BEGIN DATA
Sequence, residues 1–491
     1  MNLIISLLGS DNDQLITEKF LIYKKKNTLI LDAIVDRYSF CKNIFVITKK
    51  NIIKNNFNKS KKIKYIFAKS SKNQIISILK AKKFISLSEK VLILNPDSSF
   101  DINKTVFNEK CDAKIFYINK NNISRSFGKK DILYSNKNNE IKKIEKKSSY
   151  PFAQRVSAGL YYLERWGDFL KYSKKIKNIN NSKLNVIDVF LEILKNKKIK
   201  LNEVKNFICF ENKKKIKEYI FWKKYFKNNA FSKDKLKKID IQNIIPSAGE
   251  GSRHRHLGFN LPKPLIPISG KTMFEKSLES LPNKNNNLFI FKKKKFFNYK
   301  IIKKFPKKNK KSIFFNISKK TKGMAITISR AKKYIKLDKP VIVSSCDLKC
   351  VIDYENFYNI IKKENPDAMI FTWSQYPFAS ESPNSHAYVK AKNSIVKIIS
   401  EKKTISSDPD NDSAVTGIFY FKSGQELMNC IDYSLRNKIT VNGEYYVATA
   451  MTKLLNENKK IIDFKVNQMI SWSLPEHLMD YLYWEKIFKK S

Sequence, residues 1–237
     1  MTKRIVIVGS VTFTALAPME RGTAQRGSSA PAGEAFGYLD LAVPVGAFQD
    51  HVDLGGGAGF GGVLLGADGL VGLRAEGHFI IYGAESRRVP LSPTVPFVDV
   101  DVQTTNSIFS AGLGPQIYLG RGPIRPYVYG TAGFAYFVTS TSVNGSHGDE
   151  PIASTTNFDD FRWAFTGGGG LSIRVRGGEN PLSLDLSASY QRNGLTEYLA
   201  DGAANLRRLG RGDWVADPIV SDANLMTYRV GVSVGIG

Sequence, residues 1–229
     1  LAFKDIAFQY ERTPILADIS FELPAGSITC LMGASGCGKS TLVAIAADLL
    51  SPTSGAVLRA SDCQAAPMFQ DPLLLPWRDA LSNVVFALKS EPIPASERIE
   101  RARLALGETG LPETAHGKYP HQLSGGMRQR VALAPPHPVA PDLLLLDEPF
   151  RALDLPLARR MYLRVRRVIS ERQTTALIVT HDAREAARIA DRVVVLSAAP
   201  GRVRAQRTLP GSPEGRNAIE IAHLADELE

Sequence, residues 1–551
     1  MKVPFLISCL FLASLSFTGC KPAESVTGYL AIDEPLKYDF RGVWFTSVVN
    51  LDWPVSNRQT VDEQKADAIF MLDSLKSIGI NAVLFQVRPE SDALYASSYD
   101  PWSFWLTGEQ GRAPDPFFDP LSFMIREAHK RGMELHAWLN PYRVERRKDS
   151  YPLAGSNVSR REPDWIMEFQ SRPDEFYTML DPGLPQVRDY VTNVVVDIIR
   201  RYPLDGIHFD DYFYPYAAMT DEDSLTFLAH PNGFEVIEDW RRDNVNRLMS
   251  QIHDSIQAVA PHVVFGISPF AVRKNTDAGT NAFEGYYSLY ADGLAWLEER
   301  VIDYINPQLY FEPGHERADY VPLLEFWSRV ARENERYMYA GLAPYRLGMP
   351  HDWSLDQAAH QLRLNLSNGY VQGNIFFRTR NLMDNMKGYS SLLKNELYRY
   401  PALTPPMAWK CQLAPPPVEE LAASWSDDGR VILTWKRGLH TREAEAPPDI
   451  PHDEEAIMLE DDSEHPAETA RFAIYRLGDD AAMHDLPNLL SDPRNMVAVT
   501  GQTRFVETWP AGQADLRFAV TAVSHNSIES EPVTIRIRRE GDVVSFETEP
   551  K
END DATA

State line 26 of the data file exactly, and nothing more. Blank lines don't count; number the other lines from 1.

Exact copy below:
    51  LDWPVSNRQT VDEQKADAIF MLDSLKSIGI NAVLFQVRPE SDALYASSYD